Isadora discusses the findings of their newest report about racism in the Welsh education system and touches on the difference between not being racist and being anti-racist.
Previously, I explored how ethnic minorities within Wales are treated and highlighted the findings of a critical peer-led research report by Race Alliance Wales (RAW) and their executive summary. In this post, I want to discuss the findings of their newest report about racism in the Welsh education system; their executive summary is an excellent read. I also want to touch on the difference between not being racist and being anti-racist as we need to be anti-racist now more than ever.
RAW Findings in Welsh Education
Experiences in Education
The report found that racism starts early in primary school with direct racial slurs and othering from peers which can be traumatic for young people of colour (PoC) and worsens in secondary school where the racism becomes more complex and is delivered with intent and malice. A ray of hope is that experiences of racism decreased when progressing to sixth form and university though was still present, sometimes in more subtle forms. This pattern matches my experience of racism in school (in England) followed by university in Wales.
There was an overwhelming amount of Welsh PoC who felt the response of teachers and schools to racism was poor. The teachers appear to lack knowledge of racism, its nuances and how to effectively deal with related situations. Some teachers go beyond clueless and have voiced racial bias and even in extreme cases used racial slurs against students. I can certainly relate to this having been called “blackie” repeatedly on a school trip by a staff member’s spouse. I later found out that the events were never put on the record and no mention of that racism was ever reported. The teacher on duty at the time did his best to contain his anger and got the offending person to stop but the hurt had been caused and I had no real recourse. If I were white, I would not have been called racial names on that school trip; it seems that even a peaceful trip cannot be expected by a PoC student unlike white students. The reporting system within schools and universities are not trusted, and from my experience of incidents going unreported or not well dealt with, it is clear to see why this is the case. This results in students not reporting racism and internalising their struggles which is not healthy nor fair.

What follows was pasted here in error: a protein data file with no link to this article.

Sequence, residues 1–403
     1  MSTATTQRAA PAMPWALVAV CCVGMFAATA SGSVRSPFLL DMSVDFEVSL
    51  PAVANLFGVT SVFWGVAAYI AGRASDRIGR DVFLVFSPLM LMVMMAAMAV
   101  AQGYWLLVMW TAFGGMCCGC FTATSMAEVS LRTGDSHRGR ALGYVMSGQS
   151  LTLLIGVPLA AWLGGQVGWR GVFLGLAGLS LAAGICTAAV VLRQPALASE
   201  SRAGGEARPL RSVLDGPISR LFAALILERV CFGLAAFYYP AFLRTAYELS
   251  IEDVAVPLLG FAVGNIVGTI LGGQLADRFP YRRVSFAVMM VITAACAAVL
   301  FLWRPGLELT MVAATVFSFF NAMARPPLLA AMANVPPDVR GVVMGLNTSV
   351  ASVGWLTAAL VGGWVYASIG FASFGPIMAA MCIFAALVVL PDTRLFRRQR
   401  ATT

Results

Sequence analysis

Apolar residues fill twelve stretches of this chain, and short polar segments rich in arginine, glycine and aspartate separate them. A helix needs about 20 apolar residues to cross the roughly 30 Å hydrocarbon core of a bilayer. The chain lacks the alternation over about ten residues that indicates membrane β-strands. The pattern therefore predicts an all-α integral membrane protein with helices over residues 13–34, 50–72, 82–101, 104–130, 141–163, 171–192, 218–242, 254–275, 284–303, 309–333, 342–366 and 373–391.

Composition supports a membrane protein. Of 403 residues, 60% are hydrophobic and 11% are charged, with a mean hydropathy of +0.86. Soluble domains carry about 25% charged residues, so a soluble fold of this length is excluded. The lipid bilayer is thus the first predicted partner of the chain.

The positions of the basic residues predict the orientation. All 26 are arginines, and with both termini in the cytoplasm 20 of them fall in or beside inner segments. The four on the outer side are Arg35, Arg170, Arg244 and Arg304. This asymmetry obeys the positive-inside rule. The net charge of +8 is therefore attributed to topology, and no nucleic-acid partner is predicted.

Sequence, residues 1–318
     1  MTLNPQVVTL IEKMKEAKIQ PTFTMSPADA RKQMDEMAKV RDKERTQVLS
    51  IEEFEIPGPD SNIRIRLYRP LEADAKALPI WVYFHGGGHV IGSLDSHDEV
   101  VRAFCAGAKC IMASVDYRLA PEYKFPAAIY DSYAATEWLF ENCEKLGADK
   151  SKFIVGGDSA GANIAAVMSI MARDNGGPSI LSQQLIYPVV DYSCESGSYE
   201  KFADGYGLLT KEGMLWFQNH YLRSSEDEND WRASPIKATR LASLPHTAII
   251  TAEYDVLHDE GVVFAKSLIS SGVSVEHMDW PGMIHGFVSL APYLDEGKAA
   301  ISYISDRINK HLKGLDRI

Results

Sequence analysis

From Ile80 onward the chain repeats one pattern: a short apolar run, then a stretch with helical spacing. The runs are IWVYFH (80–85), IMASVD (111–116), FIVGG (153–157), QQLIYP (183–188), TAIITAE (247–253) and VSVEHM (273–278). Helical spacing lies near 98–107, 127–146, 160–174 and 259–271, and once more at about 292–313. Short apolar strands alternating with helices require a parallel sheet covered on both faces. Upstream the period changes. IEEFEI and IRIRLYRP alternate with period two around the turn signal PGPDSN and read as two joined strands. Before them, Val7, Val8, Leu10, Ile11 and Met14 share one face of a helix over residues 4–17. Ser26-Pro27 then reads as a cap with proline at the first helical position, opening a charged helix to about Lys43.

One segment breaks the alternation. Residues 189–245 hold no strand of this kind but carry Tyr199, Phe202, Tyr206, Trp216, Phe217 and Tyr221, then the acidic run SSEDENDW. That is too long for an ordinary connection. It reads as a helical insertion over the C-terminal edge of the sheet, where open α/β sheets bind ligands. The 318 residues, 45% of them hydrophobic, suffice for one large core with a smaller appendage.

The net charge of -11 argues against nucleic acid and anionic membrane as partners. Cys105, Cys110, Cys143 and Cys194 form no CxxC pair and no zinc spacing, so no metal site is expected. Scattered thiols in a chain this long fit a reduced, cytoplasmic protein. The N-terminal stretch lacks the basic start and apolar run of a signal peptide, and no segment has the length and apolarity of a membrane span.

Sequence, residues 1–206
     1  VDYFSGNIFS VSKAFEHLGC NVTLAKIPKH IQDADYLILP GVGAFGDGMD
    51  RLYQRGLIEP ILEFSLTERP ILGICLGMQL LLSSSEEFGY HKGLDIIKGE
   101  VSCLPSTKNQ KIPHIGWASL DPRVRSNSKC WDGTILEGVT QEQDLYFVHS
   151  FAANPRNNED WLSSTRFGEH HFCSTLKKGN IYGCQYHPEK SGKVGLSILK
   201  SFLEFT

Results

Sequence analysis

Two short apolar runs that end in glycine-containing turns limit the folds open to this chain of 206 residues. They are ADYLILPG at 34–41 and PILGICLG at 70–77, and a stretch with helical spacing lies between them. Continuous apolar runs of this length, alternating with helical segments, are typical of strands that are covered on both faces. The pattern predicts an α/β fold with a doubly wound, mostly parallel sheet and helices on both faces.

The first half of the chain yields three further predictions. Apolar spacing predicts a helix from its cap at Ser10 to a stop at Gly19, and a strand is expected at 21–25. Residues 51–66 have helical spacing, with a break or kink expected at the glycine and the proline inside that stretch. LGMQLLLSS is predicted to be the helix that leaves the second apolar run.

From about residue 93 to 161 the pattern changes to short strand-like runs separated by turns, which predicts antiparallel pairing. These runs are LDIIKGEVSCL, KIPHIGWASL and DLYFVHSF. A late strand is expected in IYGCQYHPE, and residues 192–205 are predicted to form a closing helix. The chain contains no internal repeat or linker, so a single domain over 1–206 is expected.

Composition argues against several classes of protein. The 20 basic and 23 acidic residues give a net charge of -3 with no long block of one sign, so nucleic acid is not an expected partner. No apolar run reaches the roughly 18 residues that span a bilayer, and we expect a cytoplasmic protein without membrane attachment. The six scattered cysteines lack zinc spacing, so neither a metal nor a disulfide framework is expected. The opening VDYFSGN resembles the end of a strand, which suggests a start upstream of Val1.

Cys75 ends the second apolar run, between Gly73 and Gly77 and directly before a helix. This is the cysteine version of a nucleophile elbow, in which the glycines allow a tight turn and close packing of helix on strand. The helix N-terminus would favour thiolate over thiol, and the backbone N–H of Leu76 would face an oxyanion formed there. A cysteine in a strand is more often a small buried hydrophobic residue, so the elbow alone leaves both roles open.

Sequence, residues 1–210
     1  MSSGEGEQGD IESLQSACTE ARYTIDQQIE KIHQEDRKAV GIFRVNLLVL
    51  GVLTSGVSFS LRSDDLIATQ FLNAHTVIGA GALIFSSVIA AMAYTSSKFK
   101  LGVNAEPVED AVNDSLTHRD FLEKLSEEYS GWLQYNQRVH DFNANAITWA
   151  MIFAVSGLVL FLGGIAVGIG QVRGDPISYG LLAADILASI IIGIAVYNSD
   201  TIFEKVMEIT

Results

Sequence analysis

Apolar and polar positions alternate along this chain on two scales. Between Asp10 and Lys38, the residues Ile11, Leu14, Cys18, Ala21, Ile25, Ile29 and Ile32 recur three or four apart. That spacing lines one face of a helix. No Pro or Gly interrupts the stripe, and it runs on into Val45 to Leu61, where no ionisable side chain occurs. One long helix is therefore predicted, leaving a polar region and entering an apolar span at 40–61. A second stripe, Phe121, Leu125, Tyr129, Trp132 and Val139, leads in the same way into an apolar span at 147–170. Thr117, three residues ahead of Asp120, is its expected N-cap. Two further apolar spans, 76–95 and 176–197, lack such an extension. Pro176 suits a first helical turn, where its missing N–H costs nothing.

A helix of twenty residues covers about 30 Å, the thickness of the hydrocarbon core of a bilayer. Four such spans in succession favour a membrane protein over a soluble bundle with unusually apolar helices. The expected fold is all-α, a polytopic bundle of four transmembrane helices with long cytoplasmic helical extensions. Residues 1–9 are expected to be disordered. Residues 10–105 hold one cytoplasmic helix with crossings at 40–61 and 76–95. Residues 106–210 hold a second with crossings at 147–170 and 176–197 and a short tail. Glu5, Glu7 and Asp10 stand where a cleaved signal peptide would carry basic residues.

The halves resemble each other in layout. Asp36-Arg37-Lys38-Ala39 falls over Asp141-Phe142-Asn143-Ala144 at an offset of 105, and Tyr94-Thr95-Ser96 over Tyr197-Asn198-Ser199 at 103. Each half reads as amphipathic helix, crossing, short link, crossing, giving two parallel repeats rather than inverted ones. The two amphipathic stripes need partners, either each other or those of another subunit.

PoC students found they lacked representation within education and even within the curriculum; we are taught a colonial “white-washed” version of history which often diminishes or ignores PoC contributions to the UK. I was shocked that people in the UK are not taught about some of the atrocities committed by the British. Personally, as someone of Bengali heritage, it was upsetting to see people had no idea about the British causing the artificial famine in Bengal of 1943, which was a genocide that killed millions. There was also the largest forced mass migration in history caused by the British partitioning India which ripped apart families, killed millions and left millions more with nothing, having to forever leave behind their: ancestral lands, possessions, wealth and home. There needs to be increased accurate representation within the curriculum of the contributions of ethnic minorities to the UK and acknowledge what the UK has done (both good and bad) to the native countries of UK ethnic minorities.
Workshops delivered to schools around anti-racism has been of help to PoC students, which is a positive finding that shows there can and will be improvement for the experiences of young PoC. The difference between not being racist and being anti-racist is huge; institutions must be anti-racist if they went to effectively support their students against racism.